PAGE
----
Asaad Alnajjar is one of the members of the PRNC and he questions the way that the City Attorney’s office inserted themselves into the consideration of the motions. He concedes that one of the roles of this office “is to ensure that all City entities abide by the law and rules.” However, in addition to Neighborhoods, the office also represents the City and the members of the City Council. This represents a clear conflict of interest, especially when two of the entities are on separate sides of a conflict.
Alnajjar believes that the actions by deputy City Attorney in blocking the PRNC resolutions “clearly show an abuse of authority and a violation of the Neighborhood Council members’ First Amendments Right to speech,” and that since “John Lee’s issue is a public matter now, the City Council needs to seriously investigate any and all ethics violations by Mr. Lee during his years of service either as a staffer or as a Councilmember.” He notes that “Blocking CD 12 Neighborhood Councils is not going to make these alleged violations go away. Maybe Mr. Lee got away with sexual harassment before, but corruption is a crime that all constituents need to know about it.” He believes that an Ethics investigation is overdue.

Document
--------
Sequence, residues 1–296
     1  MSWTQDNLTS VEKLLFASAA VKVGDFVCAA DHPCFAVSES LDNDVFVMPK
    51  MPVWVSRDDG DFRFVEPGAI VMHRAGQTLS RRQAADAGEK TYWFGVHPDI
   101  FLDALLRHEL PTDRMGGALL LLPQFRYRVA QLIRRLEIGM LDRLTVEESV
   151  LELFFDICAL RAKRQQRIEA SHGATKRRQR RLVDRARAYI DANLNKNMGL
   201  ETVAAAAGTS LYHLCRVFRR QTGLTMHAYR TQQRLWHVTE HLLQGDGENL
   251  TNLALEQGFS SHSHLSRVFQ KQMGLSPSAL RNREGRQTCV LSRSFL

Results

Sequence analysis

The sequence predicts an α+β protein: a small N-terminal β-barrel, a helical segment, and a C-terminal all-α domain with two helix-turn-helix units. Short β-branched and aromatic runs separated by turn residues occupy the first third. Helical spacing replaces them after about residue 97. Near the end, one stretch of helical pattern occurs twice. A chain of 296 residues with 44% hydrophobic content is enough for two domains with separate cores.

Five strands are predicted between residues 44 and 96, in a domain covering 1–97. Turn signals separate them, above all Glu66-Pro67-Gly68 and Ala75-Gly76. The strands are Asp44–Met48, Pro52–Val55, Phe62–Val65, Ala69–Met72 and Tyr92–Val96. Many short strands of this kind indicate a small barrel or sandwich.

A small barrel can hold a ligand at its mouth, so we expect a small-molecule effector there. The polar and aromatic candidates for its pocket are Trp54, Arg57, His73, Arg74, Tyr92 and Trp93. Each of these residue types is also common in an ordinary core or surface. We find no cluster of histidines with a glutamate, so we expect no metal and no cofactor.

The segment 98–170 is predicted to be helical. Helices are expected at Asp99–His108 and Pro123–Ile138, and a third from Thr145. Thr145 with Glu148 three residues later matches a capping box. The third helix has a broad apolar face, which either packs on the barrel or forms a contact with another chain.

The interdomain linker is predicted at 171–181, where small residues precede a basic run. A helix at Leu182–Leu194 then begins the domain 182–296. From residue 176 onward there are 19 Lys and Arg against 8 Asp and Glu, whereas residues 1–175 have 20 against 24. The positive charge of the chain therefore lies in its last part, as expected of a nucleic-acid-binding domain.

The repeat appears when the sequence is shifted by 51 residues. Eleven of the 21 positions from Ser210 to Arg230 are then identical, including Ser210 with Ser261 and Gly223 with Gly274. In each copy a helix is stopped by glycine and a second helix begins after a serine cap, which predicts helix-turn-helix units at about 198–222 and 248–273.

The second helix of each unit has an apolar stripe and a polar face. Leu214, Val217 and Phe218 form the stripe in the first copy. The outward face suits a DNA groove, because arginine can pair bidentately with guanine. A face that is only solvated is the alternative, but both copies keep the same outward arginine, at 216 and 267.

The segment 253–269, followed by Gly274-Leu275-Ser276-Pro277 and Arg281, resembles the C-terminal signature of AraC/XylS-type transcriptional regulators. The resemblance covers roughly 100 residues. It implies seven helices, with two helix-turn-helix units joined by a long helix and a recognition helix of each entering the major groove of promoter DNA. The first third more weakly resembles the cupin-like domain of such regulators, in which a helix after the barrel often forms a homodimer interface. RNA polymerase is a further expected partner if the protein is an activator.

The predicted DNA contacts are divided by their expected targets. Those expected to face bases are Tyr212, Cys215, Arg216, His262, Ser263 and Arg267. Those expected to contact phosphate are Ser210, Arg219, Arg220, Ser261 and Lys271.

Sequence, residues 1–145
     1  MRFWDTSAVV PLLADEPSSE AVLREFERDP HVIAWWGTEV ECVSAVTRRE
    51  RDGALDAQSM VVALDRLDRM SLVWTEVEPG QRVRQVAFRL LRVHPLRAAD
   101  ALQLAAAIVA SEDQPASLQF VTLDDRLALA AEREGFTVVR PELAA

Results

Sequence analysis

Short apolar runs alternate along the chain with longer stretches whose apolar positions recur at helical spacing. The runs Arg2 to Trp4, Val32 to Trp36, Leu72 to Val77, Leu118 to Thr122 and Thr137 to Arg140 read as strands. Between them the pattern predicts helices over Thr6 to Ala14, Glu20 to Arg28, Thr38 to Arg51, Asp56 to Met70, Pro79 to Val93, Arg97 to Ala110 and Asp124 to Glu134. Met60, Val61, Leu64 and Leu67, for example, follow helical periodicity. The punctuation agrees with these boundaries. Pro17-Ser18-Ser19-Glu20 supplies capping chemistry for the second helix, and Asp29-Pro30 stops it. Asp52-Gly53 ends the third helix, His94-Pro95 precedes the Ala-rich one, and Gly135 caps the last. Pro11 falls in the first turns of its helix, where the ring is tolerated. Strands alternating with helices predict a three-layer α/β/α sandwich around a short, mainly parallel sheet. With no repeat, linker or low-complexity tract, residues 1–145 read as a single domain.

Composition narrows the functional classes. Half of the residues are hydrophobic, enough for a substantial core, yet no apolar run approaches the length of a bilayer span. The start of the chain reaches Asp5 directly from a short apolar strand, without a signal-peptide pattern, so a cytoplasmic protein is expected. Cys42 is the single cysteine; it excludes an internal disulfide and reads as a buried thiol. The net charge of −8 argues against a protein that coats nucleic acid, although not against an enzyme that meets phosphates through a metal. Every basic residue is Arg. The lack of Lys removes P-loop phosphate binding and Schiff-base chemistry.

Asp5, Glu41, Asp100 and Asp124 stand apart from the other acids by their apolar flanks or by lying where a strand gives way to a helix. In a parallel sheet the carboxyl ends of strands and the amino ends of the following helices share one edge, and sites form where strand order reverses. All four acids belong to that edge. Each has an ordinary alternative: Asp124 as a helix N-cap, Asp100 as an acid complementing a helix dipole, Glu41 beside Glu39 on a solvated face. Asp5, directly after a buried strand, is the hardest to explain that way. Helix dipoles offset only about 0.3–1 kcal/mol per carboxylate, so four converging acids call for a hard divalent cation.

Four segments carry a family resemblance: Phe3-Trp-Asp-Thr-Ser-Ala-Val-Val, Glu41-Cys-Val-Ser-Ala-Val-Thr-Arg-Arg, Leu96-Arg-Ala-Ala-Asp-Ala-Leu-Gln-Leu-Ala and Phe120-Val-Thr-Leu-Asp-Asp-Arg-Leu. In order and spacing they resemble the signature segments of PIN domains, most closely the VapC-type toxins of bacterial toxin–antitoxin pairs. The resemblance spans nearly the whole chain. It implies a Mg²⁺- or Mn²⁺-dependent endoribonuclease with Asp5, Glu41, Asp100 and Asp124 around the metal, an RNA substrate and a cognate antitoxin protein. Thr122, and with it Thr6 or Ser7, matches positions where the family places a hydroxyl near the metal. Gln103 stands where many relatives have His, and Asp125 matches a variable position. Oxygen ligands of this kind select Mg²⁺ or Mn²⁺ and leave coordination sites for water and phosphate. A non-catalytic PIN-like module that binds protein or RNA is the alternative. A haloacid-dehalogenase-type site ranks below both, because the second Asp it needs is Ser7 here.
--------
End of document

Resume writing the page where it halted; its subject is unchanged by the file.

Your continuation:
Another PRNC board member adds: “The events taking place now clearly show that the Deputy City Attorney has miscalculated her moves and acted irrationally to issue a gag order on the PRNC. Her actions clearly show collaboration with Councilman Lee’s office in assisting another PRNC board member in alleging a Brown Act Violation. The whole fiasco was an illegal attempt to stop neighborhood councils from looking into the multiple known ethics violations by Mr. Lee. Eventually, the city ethics will need to investigate and share findings with the public. As a community, we should be completely outraged and deeply concerned. I believe that we should hold City Councilman John Lee accountable in terms of demanding an investigation.”
In speaking with other neighborhood council representatives, it is clear that there is an unwritten rule that in order to maintain access to city councilmembers’ offices that is needed to advocate on behalf of constituents, it is necessary for councils to not confront members of the city council directly. In one example retribution was flagrantly enacted as it was alleged that a council lost their public meeting space after a confrontation with their representative. This has resulted in an inability to get the issue of the ethical issues surrounding Lee before some councils.
Tom Booth of the West Hills Neighborhood Council (WHNC) feels “strongly that every neighborhood council in Council District 12 should have their full board weigh in on this issue.” Booth tried to get a resolution on the WHNC agenda that was similar to the one passed by the Granada Hills South Neighborhood Council, saying that “requesting an investigation into this ethical quagmire is the least we can do for our stakeholders who have the right to get answers.” However, his efforts were blocked in committee. “I’m greatly disappointed that West Hills Neighborhood Council opted to not allow our full board to address this troubling issue,” said Booth.